Above: Neil Findlay
By Vince Mills, Campaign for Socialism and Red Paper Collective
The quote (actually a misquote) attributed to Mark Twain that reports of his death had been greatly exaggerated, could equally well apply to the Scottish Labour Left. The vast majority of socialists in the Scottish Labour Party (SLP) campaigned for and voted “no” in the referendum campaign. This in itself was enough for many in Left groups outside the SLP to consign it to the dustbin of history, rather perversely given the long anti-nationalist history of the socialist movement.
Of course, and here I have some sympathy, this sat alongside other accusations that the Scottish Labour Left had made little impact ideologically on the SLP, was numerically small, and showed little sign of challenging for the political leadership of the party any time soon.
On Saturday 25 October, all of that changed. It wasn’t just that the room booked for the Campaign for Socialism’s post-referendum analysis in the STUC in Glasgow had standing room only; it was the renewed sense of purpose and commitment from so many of the speakers and participants.
First up among a high powered list of political, trade union and local council speakers were Elaine Smith and Neil Findlay, both MSPs.
Elaine Smith argued that the reason for Scottish Labour’s poor performance in its heartlands of Dundee, Glasgow, Lanarkshire and West Dumbarton was a lack of socialist analysis and socialist solutions.
“The root of the problem is class society; the root of the problem is inequality; the root of the problem is in-work poverty; the root of the problem is unemployment. The root of the problem is avaricious capitalism and our job and the job of the Labour Party, surely, is to root it out.” Neil Findlay spoke next, suggesting in some detail how Scottish Labour might go about the tasks that Elaine Smith had outlined arguing that Scottish Labour had to commit to:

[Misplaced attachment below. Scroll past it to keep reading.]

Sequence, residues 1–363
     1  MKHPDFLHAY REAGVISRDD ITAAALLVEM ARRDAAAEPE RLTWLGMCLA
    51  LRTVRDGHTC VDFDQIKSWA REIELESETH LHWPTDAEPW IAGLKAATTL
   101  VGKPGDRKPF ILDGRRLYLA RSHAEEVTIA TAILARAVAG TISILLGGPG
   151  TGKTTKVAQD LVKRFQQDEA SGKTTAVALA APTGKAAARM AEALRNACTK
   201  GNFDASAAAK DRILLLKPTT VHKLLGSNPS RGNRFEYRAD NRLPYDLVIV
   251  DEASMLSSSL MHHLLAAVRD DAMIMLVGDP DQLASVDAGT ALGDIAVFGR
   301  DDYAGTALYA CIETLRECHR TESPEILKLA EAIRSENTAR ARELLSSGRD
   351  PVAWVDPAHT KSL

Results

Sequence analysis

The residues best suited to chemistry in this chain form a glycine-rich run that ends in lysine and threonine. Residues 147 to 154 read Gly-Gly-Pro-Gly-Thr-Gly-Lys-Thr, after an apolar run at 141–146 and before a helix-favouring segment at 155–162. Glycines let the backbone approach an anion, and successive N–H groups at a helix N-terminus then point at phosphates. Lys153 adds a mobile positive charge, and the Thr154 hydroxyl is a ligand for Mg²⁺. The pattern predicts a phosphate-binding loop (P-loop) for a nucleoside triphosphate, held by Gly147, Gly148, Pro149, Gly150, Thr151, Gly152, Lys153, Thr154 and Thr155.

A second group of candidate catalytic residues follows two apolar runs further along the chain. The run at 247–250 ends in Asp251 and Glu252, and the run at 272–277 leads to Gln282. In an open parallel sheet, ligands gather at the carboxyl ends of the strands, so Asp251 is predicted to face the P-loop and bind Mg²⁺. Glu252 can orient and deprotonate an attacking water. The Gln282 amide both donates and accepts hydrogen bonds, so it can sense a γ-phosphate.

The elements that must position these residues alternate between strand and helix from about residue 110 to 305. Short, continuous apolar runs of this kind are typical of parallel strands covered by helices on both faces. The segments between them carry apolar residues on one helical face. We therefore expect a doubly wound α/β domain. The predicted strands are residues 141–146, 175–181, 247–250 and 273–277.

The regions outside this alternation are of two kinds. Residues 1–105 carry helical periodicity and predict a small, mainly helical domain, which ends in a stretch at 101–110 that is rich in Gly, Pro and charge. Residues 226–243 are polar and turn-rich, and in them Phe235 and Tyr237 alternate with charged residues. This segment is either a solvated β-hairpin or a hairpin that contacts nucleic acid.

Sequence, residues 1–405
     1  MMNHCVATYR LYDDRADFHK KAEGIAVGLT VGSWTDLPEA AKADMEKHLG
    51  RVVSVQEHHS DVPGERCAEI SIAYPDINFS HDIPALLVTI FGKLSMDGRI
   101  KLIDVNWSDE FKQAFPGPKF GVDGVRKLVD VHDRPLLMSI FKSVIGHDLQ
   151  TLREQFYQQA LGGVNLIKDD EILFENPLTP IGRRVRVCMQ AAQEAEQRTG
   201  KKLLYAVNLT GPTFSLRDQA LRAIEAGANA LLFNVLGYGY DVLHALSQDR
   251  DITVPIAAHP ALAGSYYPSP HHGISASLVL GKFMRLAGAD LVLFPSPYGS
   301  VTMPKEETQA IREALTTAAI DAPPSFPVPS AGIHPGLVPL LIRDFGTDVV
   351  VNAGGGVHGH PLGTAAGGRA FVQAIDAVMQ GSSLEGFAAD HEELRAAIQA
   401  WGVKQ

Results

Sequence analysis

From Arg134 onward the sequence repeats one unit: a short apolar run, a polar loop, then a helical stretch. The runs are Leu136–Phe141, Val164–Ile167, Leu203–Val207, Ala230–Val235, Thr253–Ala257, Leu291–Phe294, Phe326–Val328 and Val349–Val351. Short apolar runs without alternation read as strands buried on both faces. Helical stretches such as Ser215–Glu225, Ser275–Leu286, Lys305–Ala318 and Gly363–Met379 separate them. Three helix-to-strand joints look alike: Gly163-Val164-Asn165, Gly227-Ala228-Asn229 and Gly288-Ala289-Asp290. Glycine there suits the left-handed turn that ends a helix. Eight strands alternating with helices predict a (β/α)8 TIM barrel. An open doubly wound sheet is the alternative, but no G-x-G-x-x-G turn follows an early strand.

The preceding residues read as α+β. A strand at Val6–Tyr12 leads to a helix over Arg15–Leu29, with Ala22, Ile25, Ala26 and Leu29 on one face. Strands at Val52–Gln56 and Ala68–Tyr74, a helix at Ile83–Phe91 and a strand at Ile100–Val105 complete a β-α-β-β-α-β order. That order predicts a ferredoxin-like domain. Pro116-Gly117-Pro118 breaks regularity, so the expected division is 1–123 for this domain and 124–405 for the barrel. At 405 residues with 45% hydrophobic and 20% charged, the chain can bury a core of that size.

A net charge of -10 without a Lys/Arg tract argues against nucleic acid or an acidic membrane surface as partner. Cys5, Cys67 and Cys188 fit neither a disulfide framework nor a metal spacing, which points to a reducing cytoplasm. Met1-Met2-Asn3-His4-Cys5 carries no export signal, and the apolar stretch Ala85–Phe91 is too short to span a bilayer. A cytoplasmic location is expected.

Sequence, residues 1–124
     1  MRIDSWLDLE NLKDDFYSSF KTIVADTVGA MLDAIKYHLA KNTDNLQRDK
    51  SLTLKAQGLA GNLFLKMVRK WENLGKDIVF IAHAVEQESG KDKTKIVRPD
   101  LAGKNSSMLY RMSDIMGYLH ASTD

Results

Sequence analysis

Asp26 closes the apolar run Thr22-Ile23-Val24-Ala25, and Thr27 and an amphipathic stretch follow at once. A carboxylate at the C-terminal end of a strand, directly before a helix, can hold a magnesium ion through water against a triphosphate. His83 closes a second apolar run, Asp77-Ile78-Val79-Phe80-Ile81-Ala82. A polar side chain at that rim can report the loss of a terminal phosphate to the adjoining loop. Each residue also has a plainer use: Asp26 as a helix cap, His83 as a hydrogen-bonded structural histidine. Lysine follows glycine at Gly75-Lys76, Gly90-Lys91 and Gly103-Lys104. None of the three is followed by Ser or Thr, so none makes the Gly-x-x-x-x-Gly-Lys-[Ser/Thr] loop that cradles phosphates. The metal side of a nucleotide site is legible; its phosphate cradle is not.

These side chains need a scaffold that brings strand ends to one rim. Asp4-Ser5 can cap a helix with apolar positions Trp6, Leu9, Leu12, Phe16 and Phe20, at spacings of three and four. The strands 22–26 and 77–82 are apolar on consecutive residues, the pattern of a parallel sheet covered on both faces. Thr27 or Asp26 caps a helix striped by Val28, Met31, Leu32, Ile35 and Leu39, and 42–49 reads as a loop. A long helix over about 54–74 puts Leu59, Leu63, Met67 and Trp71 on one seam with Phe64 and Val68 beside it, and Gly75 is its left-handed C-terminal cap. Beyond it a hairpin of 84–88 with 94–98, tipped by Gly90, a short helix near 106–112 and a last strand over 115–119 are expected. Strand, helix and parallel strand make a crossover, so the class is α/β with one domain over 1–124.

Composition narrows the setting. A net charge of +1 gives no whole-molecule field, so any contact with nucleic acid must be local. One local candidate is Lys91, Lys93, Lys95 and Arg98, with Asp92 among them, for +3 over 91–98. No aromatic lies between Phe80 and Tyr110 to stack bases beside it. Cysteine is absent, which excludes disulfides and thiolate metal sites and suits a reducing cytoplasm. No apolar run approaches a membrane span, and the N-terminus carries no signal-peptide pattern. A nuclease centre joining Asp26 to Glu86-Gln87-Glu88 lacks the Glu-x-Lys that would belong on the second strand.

• a policy of full employment;
• establish a national house-building programme to build
council houses and social housing on a grand scale;
• set up a living wage unit in the Scottish government that
would use grants, procurement and every lever of government
to raise the minimum wage to the living wage;
• re-democratise local government, financing services,
freeing councils to set their own taxes again and be held to account
for doing and so beginning to reverse the 40,000 job
losses across Scottish councils;
• end the social care scandal by making social care a rewarding,
fairly paid career and ending the indignity of shorttimed
• create quality apprenticeships and new college places
that set young people up for life and develop an industrial
policy that promotes manufacturing and new sustainable
• undertake a wholesale review of the Scottish NHS — recruiting
enough staff and rewarding them to ensure an NHS
for the 21st century and ending the increasing spend on the
• and, finally, build a charter of workers’ rights and new
legislation on equalities.
Neil Findlay’s contribution was all the more important given the announcement on the day before the conference that Johann Lamont, leader of the Scottish Labour Party had resigned, citing unacceptable interference from the UK Labour leadership, and ensuring a Scottish Labour leadership contest.
Neil Findlay has since announced his intention to stand for the vacant position, allowing the Scottish Labour Left to test the support for a Left agenda in the wider party. The anticipation of this challenge on 25 October generated considerable optimism. Since then, the respected left-wing MP Katy Clark has announced that she will stand for Deputy Leader alongside Findley.
This left programme is far from the Utopian promises of the Yes Left because it is actually deliverable and this Labour Left is far from a historical footnote. It may actually be on the verge of its most important hour.